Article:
Japanese Emperor Naruhito thanked medical staff involved in the fight against the coronavirus pandemic in his New Year video address broadcast Friday, bringing attention to the burden frontline health care workers are bearing as infections surge in major centers.
The emperor set a hopeful tone in his first video message since ascending the Chrysanthemum Throne in May, saying he and his wife Empress Masako are looking forward to meeting people again once the situation has improved.
The 60-year-old emperor, delivered the address while seated beside the empress, 57, expressing gratitude to those who have been working "day and night" to "save many patients' lives," as well as condolences to people who have lost family and friends to the virus in Japan and across the world.
"Our daily lives have been greatly affected by this infectious disease," he said. "We are especially concerned for those who are struggling in difficult situations they have found themselves in, such as having lost their jobs or homes, or who are feeling lonely."
The emperor's New Year message comes as the nation experiences a wave of infections, with the nationwide tally of daily cases topped 4,000 for the first time Thursday. The recent resurgence has also raised concern over the stress on the medical system.
The Imperial Household Agency decided in November to cancel the imperial family's annual New Year gathering, which saw 68,000 people visit the Imperial Palace in Tokyo last year, to prevent virus spread.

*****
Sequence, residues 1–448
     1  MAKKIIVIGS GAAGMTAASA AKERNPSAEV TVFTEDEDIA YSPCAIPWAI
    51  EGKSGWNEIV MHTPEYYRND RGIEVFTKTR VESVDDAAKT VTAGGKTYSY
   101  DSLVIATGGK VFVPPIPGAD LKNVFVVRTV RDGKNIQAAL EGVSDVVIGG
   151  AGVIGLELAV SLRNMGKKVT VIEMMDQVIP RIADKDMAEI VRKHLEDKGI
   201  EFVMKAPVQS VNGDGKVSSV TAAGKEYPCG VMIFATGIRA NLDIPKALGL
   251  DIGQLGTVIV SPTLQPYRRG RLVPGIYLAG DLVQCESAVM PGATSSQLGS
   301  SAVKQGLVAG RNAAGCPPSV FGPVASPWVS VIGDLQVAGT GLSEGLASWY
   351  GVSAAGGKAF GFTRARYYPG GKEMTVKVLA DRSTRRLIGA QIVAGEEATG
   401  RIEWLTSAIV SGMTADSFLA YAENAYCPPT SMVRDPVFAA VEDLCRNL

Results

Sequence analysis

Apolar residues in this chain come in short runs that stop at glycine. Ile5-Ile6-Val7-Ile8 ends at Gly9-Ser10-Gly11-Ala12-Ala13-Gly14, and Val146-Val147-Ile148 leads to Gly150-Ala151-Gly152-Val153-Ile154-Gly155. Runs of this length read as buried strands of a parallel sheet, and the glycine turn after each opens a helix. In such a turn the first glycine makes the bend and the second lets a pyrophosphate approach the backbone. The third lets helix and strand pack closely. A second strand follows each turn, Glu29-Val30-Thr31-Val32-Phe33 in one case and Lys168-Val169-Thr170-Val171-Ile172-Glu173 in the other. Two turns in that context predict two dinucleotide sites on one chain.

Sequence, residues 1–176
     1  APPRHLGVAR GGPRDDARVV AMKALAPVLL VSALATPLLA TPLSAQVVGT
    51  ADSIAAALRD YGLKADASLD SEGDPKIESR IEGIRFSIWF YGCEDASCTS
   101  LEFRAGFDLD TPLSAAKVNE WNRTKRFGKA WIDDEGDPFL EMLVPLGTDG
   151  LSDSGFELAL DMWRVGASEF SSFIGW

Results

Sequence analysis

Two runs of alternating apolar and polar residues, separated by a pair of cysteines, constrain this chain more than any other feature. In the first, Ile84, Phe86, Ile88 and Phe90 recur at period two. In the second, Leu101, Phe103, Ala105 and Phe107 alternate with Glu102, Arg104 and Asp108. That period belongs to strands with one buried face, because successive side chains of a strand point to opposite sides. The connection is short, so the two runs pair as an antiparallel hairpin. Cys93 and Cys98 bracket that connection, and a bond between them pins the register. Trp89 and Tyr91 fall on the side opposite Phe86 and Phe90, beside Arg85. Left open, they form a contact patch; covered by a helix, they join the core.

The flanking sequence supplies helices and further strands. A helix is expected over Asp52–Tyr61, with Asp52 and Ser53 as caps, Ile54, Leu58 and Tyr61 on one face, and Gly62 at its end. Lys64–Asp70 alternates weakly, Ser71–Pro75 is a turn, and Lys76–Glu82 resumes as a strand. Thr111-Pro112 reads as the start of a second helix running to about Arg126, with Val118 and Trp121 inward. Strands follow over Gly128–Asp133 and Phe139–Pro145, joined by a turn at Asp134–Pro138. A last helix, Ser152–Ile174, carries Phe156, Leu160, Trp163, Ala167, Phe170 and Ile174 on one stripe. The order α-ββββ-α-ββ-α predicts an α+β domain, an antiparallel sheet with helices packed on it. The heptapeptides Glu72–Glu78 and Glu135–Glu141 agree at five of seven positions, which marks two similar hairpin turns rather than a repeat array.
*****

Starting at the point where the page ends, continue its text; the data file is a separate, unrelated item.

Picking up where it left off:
At the event, which usually takes place on Jan. 2, the emperor, empress and other members of the family greet the gathered well-wishers from a balcony.
In the message, the emperor also referred to the torrential rain in western Japan last July, expressing solidarity with those who lost family members and homes.
"We pray that this year will be as peaceful as possible for everyone," the empress added.
A series of imperial succession rituals since Emperor Naruhito ascended to the throne were concluded last November when Crown Prince Fumihito was formally declared first in line to the throne at the "Rikkoshi no rei" rite.
Former Emperor Akihito stepped down as the first Japanese monarch to do so in about 200 years after indicating in 2016 his wish to retire, expressing concern that he might not be able to fulfill his official duties due to his advancing age.
Since Emperor Naruhito's enthronement, the Japanese imperial family is now only left with three heirs -- the emperor's younger brother, the crown prince, 55, his son Prince Hisahito, 14, and Prince Hitachi, 85, the uncle of the emperor.
Prime Minister Yoshihide Suga's administration said earlier it would hold discussions on how to achieve a stable imperial succession following a call by parliament to address the issue.